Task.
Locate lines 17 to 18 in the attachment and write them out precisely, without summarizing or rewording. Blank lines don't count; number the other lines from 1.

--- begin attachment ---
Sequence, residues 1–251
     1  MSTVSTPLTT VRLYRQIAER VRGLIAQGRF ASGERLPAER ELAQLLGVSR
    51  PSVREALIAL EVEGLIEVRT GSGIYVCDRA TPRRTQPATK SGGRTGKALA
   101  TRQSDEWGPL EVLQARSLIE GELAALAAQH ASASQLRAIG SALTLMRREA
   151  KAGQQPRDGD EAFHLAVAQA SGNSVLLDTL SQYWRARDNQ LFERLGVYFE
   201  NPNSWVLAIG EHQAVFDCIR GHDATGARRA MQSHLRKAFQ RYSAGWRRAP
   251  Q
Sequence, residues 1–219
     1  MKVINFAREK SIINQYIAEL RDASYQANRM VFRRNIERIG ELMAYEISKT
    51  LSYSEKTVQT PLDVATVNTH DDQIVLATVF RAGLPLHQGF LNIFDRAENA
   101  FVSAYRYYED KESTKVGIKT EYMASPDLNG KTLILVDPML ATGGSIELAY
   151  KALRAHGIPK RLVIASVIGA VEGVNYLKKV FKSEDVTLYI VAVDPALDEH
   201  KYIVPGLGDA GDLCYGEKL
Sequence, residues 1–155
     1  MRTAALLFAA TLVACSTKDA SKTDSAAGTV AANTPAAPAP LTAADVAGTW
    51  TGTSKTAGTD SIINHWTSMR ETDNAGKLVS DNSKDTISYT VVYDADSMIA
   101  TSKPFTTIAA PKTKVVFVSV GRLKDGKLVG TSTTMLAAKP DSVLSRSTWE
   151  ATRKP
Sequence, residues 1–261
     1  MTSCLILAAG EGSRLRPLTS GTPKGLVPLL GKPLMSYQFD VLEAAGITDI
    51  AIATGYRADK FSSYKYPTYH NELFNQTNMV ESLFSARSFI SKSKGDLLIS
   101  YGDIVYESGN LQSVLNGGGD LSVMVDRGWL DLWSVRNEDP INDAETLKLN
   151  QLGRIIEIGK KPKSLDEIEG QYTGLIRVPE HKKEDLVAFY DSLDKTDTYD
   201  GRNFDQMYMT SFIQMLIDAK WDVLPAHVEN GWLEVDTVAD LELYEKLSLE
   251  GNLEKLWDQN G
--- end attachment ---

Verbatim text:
   101  TSKPFTTIAA PKTKVVFVSV GRLKDGKLVG TSTTMLAAKP DSVLSRSTWE
   151  ATRKP